At the conclusion of the analysis and transcription process we worked together to write a 3 movement work that combined the elements of specific folk and contemporary rock songs from The Desert, The Plains, and, The Rainforest. Brad served as consultant on stylistic and formal attributes critical to his study and I acted as orchestrator, arranger and musical consultant. Desert is complete at this time.
The current arrangement of Desert represents a more developed version of Brad’s original work and does not necessarily represent his exact intentions at the completion of the research project. I have, however enhanced and expanded the original work to be consistent with my values as an artist and educator. For example, I add modal development in the solo section, developed background and melodic motifs, and sought to shape the arrangement so that it communicated additional tension and release.
Brad also created a very informative power point presentation that describes his findings. That presentation will be posted soon.
Chloe’s Tears Suite
SELECT LITERATURE THAT TELLS A STORY … WITH SINCERE MUSICAL VOCABULARY
At a recent workshop I had the good fortune to have “extra time” with a mature group of High
School Musicians. After the regular clinic and sectionals we all moved into another room and
began to talk about how I begin to think about a new composition. The students were eager and it turned out that we all got much more than we bargained for. At the end of this blog is the moral of the story. Here is an abridged account of that “workshop”.
If you have seen the movie the prestige – I thought I would structure this as an illusionist would – divided into three parts – 1. The Pledge - 2. The Turn – and 3. The Prestige.
1. THE PLEDGE – “What I will do today”
As the students entered the room I guided them into a semi-circle. No one was to have a music
stand in front of them and everyone was to be able to see and hear everyone else. I told the
group that we were going to start a new composition and I wanted to let them know how I would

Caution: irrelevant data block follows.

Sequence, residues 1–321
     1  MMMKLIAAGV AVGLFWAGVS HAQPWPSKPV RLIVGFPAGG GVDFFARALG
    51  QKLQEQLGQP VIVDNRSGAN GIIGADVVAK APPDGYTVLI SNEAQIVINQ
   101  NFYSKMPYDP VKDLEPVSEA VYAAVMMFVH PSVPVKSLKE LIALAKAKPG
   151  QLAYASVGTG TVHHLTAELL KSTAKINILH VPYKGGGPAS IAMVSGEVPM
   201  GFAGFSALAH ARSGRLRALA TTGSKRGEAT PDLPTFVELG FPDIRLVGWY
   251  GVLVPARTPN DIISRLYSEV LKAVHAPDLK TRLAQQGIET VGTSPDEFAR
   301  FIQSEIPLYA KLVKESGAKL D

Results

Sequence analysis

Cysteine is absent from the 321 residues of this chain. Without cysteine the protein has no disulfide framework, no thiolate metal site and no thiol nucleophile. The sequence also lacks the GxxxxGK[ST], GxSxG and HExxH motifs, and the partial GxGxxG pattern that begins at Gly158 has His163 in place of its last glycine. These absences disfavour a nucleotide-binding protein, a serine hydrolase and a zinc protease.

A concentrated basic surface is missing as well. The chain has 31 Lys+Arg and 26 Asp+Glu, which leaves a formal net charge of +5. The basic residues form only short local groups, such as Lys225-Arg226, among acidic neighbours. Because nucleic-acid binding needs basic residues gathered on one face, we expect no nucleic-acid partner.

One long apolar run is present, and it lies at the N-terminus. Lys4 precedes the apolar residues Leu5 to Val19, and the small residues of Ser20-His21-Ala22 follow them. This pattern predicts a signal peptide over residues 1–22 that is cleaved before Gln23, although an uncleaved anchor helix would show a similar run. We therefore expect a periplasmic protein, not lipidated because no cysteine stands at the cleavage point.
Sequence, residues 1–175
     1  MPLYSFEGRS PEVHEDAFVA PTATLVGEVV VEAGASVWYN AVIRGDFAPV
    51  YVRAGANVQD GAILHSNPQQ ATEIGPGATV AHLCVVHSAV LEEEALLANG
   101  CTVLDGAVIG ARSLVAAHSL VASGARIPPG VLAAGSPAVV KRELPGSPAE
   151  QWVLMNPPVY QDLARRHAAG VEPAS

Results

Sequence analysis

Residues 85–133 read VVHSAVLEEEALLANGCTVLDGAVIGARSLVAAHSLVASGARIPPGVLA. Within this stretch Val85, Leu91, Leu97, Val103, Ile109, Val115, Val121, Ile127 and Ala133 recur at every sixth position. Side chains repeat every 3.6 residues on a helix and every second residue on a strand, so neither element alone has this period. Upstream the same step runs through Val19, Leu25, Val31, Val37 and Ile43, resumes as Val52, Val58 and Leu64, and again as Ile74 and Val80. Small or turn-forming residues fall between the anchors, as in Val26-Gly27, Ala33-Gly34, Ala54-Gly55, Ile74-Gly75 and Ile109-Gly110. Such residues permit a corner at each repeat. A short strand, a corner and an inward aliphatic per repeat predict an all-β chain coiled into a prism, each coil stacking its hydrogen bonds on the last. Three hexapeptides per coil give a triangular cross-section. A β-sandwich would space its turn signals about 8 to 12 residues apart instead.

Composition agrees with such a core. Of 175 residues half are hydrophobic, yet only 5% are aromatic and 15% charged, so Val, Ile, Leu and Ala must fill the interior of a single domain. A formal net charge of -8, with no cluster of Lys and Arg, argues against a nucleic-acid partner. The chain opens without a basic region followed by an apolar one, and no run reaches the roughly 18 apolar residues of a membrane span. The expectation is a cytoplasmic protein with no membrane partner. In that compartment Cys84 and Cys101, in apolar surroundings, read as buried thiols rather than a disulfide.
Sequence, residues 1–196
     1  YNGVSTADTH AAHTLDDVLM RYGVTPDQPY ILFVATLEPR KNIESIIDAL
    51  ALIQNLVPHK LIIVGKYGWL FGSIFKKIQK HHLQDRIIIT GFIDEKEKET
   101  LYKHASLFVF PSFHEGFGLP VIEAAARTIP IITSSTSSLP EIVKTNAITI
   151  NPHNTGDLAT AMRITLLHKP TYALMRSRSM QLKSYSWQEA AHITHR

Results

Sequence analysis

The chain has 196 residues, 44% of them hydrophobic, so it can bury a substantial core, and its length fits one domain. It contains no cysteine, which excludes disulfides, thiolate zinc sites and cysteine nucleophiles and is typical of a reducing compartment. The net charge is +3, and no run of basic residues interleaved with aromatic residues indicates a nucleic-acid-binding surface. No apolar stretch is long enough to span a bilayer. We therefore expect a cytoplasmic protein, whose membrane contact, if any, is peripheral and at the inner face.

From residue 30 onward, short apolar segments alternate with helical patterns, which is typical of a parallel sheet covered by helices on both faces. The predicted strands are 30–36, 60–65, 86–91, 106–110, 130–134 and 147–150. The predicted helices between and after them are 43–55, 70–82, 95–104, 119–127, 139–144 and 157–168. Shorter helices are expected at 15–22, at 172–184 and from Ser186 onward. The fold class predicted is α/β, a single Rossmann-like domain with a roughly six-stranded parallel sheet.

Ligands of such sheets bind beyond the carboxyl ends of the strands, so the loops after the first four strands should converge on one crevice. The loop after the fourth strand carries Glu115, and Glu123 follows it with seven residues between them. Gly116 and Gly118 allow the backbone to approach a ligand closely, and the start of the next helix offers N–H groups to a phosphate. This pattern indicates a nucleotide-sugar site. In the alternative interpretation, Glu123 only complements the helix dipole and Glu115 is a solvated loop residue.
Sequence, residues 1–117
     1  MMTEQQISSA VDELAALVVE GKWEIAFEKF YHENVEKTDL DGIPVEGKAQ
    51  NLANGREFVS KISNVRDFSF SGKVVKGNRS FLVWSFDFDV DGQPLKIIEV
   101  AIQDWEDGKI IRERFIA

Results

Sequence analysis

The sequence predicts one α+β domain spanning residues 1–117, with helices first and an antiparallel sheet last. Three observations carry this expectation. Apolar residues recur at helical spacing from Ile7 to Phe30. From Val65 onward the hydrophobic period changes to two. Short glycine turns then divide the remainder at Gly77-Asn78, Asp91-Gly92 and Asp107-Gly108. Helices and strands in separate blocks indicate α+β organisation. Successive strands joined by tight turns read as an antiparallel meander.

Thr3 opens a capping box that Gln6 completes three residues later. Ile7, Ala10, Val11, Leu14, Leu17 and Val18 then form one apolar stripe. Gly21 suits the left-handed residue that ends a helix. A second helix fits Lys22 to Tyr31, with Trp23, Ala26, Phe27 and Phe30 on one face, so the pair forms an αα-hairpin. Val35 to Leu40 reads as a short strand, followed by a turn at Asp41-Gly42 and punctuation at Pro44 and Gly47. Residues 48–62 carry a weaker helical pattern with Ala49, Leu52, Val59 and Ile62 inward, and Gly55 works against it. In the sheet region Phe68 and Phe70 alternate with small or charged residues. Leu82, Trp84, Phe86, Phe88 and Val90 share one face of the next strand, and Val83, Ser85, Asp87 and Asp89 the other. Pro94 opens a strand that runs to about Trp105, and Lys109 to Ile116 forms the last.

begin to search for a subject and what I would do with that idea. I also told them that I would give
them this composition when it was completed in the hopes that they would perform it one day and
have it mean a great deal to them.
I began by describing the 5 questions I need to have answered before I can begin to seriously
write a new composition. These 5 questions have come to indirectly from Bob Brookmeyer
through good friend and mentor Dave Rivello (Eastman School of Music).
The 5 Questions are:
1. What is the PURPOSE for writing?
2. What is the LENGTH of the composition?
3. What are the FORCES used to forward your idea?
4. What is the MICRO MATERIAL of the composition?
5. What is the HIGH POINT of the composition?
After a brief description of each “question” I noted that it is impossible for me to begin
writing a piece without answering 1-4 (sometimes 5 comes to me later) and that - in fact - musicians
should always seek out literature that can be understood from the perspective of the 5 “questions” so that they can understand what they are playing and how and why they are playing it! I then politely challenged the students to challenge their director to select literature (yes - Jazz Literature) that had at least a PURPOSE (a story to tell).
We all agreed that music was something that demanded a reason for being as it has the power to explain the unexplainable. I had just spent some time with Conductor – Composer – Educator - Patriot - Stephen Melillo (Stormworks – www.stormworld.com ). Steve uses this line – “if pictures are worth a thousand words – then music is worth a thousand pictures”. This is so true! I have often maintained that music is a way for us to practice and experience emotions (good or bad) in a safe way so that we can recognize and process them when they enter our life.
After the introduction to the writing process I proposed two examples of recent subjects I have – or am
currently writing music about. One is the book by Daniel Keyes “Flowers for Algernon” the other is a
vignette of James McBride’s “The Color of Water” for an upcoming author visit to my school..
2. THE TURN – “What would you like to write about?”
I asked the students to go around the room and describe something from their life that they
would like to experience in music. They had the opportunity to “pass” if they wished -and were
allowed to raise their had if they thought of something after they did “pass” on their opportunity to
forward an Idea.
After several “passes” Student A presented this compelling idea.
“I am from Maryland and I was in a band with several other kids my age. We would sit in a circle just like this and think about a subject or an idea. The first person to play something would be the first idea in the music – and so on. The piece would grow through the process. We wouldn’t. play anything until we felt is was right to play. I miss doing that”
We discussed this and how it could be turned into a composition. I had the Pianist play a C2 on
an incredible Steinway piano in the corner of the room and asked the students to listen carefully
to that sound. At first they only listened part of the time and made some joke about hearing